Jack/St. Malo semi reaches deepwater location

Crowley Maritime Corp. reports that its ocean-class tugs and 455 series high-deck-strength barges have successfully delivered, moored, and made storm safe the Jack/St. Malo semisubmersible floating production facility in the US Gulf of Mexico.

Beaubouef
BeaubouefBruce Beaubouef • Houston

Crowley Maritime Corp. reports that its ocean-class tugs and 455 series high-deck-strength barges have successfully delivered, moored, and made storm safe the Jack/St. Malo semisubmersible floating production facility in the US Gulf of Mexico.

As was done when Crowley's ocean class tugs successfully delivered theOlympus platform and Lucius spar to the Gulf last year, the company's Houston-based project management team, which manages the tugs and barges, completed the delivery in three stages of work in both nearshore and offshore waters.

During the first stage, the nearshore phase, the topsides were skidded onto the company's 455 series bargeJulie B at the Kiewit facility dock in Ingleside, Texas, where they were later lifted and installed onto the hull of Jack/St. Malo.

Gom1 1404off
TheOcean Wind, Ocean Sun, and Crowley-contracted tugboat Harvey War Horse II tow the Jack/St. Malo semisubmersible floating production facility to location in the deepwater GoM. (Courtesy Crowley Maritime Corp.)

Once in place and secured, theOcean Wind and Ocean Wave next provided assistance by pushing the Jack/St. Malo facility, away from Corpus Christi, through the Port of Aransas, Texas, and out to deeper waters. The Ocean Sun followed the flotilla and was equipped to provide assistance, if needed.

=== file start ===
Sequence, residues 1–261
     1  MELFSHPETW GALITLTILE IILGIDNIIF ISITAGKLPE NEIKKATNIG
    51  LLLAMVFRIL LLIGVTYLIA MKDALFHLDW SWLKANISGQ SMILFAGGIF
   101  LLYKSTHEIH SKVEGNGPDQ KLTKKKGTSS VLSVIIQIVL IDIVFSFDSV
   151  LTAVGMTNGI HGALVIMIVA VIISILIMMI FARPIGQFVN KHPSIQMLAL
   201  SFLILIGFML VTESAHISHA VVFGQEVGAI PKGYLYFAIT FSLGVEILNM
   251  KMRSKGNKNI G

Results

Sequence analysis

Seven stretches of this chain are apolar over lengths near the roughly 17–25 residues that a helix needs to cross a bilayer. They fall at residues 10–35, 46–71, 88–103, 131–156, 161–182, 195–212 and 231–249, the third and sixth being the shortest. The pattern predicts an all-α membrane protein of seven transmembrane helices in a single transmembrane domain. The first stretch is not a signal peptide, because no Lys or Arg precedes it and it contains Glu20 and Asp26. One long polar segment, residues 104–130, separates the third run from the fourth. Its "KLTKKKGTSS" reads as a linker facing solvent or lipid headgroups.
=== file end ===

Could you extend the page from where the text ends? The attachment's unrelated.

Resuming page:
The second phase of work, the offshore stage, started when theOcean Wind and Ocean Sun towed the facility to its final location, alongside the Crowley-contracted tugboat Harvey War Horse II. Also during this phase, the project team arranged for the company's 455 series barge 455 7, towed by Crowley's tug Warrior, and third-party barge Marmac 400, towed by Crowley's tug Pilot, to deliver the piles to the project site.

Finally, theMarty J, towed by the Pilot, made three subsequent trips to the installation site to deliver additional equipment – including chains, connectors, and line reels – used in the mooring of the floating facility.

In the final stage, the positioning phase, theOcean Wind, Ocean Wave, Ocean Sky, Ocean Sun, and Harvey War Horse II worked together to hold the semi in its final location, and remained on site in a star pattern to provide support during connections to its moorings in more than 7,000 ft (2,134 m) of water.

Scheduled to begin producing oil and natural gas later this year, the facility will have a capacity of 170,000 b/d and 42.5 MMcf/d (1.2 MMcm/d) of natural gas. Jack/St. Malo will act as a hub for the 43 subsea wells, including pumps and other equipment on the seafloor.

BOEM releases GoM lease sale totals

The March 19 oil and gas lease sales for federal waters in the Gulf of Mexico received $872,143,771 million in high bids on 329 tracts covering 1,707,358 acres, according to an announcement from theBureau of Ocean Energy Management.